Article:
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Thulla remarks: HC allows Kejriwal to withdraw plea challenging summon

Thulla remarks: HC allows Kejriwal to withdraw plea challenging summon

PTI Last Updated at 06 Aug 2018, 18:08 IST India

The Delhi High Court today allowed Chief Minister Arvind Kejriwal to withdraw his plea seeking quashing of a trial court order summoning him in a criminal defamation complaint filed by a constable and await the lower court's decision on whether to frame charges against him for the alleged offence.

Justice R K Gauba gave Kejriwal the liberty to move the high court if the trial court framed charges of defamation against him.

During the brief hearing, the lawyer for the AAP convenor sought adjournment of the matter to await the trial court's decision on whether to frame charge of defamation against the chief minister.

However, the judge was of the view that there cannot be parallel proceedings in the high court and the plea against the trial court summons cannot be kept pending.

Subsequently, Kejriwal's lawyer told the judge that he had instructions to withdraw the matter and the court gave him liberty to approach the high court if charges were framed against the chief minister.

The court had earlier stayed the trial court order summoning Kejriwal in the defamation complaint filed by Delhi Police constable Anil Kumar Taneja, who had sought dismissal of the chief minister's petition seeking stay and quashing of the trial court order summoning him.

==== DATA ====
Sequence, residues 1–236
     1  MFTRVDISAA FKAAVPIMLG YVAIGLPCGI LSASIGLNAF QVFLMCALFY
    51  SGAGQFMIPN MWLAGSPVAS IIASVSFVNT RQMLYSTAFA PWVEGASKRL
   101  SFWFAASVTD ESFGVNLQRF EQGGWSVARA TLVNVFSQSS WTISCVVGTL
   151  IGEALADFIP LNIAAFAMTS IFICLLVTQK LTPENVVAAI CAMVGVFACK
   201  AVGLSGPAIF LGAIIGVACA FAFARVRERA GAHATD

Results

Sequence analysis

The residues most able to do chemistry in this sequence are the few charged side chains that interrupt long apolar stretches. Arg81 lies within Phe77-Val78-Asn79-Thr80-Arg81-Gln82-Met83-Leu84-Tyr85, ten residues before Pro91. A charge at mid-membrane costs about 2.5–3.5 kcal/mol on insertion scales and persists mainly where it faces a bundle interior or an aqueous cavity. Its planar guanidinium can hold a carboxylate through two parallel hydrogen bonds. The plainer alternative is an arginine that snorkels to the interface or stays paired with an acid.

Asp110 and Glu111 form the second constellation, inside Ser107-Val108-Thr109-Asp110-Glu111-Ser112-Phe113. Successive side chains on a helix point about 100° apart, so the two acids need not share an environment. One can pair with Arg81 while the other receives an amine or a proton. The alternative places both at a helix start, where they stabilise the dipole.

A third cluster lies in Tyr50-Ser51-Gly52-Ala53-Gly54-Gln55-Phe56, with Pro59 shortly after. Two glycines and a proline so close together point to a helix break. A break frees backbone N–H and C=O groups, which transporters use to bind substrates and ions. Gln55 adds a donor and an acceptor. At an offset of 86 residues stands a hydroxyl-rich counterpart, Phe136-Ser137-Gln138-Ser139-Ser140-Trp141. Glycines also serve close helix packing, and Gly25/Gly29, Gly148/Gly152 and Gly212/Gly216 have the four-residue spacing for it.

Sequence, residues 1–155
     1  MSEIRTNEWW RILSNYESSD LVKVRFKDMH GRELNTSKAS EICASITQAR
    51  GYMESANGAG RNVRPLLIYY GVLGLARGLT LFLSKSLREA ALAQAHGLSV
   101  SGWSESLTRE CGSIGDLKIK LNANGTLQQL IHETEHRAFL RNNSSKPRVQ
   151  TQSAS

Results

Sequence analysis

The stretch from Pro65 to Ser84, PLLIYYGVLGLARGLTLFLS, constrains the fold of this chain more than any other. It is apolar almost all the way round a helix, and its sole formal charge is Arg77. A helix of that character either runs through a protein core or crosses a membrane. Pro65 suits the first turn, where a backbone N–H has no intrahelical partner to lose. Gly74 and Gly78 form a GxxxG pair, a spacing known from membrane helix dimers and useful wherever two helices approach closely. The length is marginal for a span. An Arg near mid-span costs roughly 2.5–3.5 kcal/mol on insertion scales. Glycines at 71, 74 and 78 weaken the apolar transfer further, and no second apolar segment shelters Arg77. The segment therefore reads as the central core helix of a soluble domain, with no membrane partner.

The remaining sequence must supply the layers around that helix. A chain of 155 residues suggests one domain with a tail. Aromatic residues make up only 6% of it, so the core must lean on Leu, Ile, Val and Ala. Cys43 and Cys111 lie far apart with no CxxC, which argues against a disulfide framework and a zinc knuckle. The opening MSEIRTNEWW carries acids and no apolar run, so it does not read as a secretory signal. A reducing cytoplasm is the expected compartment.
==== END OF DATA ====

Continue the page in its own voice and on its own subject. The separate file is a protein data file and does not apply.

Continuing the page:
Opposing the chief minister's plea, the constable in his reply, filed through advocate L N Rao, had alleged that Kejriwal had "crossed all limits of decency" by using the insulting word 'thulla' for a policeman in an interview to a news channel.

Taneja, who had filed the criminal defamation complaint on July 23, 2015, claimed that by using the slang, Kejriwal had "intentionally insulted the Delhi Police force as a whole and caused unnecessary provocation to the police personnel in Delhi".

The high court in July last had asked Kejriwal to explain the meaning of the word 'thulla' he had allegedly used against policemen, while staying the trial court's order.

The word used by Kejriwal is a Hindi word and the high court wanted to know its meaning as it does not exist in the dictionary.

Earlier, Kejriwal's counsel had told the court that the word 'thulla' was not used against all policemen, but against those indulging in wrong practices.



(This story has not been edited by Devdiscourse staff and is auto-generated from a syndicated feed.)

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